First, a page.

Open-heart surgery is no stranger to patients like 17-year-old Alex Compton of Elkridge, Md. Born with the congenital heart defect Tetralogy of Fallot, he’s undergone several major operations with long hospitalizations and recoveries. So when he turned 8 years of age, the last thing his parents wanted for him was another invasive surgery, yet one was needed to repair his pulmonary valve.
“He was in the hospital again for 10 days with chest tubes and monitors hooked up,” says his mother, Carol Compton.
Time and technology, however, heal some wounds. This past May, Compton had another pulmonary valve replacement in an approach that allowed him to avoid another open-heart operation. Instead of spending a week or more in the hospital, he stayed one night – and two days later he was at his high school graduation rehearsal.
“Oh my God, he’s doing fantastic,” says his mother, Carol Compton. “He couldn’t be more normal. He’s a normal senior.”
What was this less-invasive approach? A new catheter procedure called percutaneous pulmonary valve replacement, in which a stent-mounted bioprosthetic valve is mounted onto a balloon-tipped catheter and threaded through the femoral vein of the leg and up to the pulmonary valve, where it is expanded to replace the existing valve. Because of the size of the device, patients need general anesthesia, but they avoid having an incision along the sternum necessary in open-heart surgery and cardiopulmonary bypass.
“There is no surgery, no cutting of anything, just a puncture in the vein of the leg,” says Hopkins Children’s Rich Ringel, one of only a handful of pediatric interventional cardiologists nationwide who have been trained to perform the procedure.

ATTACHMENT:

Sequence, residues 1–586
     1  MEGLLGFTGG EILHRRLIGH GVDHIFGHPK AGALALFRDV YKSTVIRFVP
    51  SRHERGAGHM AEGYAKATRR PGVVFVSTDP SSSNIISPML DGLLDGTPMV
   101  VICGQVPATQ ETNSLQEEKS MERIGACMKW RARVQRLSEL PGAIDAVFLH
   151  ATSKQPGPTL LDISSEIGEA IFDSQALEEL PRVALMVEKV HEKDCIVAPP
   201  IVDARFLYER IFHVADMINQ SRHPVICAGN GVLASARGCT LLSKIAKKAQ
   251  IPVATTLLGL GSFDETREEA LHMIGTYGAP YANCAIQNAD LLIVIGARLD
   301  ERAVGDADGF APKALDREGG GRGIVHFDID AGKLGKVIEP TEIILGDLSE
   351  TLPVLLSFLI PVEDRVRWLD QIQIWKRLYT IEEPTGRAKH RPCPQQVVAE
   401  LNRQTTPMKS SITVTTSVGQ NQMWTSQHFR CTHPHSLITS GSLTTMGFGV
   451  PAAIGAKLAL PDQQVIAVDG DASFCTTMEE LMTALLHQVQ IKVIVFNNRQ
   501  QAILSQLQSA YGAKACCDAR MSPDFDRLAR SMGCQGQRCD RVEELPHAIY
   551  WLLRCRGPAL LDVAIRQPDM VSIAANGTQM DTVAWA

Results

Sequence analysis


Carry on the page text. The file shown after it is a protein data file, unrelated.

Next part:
Ringel explains that in other patients with left-sided congenital heart disease, the aortic valve is often replaced with the patient’s own pulmonary valve, which in turn is replaced with a cadaveric pulmonary valve. But over time this new pulmonary valve – also referred to as a conduit – scars and narrows, requiring another valve replacement through open-heart surgery. This new catheter approach, Ringel explains, is not designed to replace that surgery but to delay it by extending the life of the original conduit.
“When the surgeon puts in a conduit, we hope that it will last 15 or 20 years, but too often it lasts only a few years and those patients may require multiple replacements and operations,” Ringel says. “So we insert this valve in the hopes of giving that conduit the years it was designed to get, and to reduce the number of open-heart surgeries patients need over a lifetime.”
The procedure has proved successful enough in U.S. and European trials for the FDA to approve the valve as a humanitarian use device (Journal of the American College of Cardiology, 2009;54;1722-29). For more information, call 410-614-6745.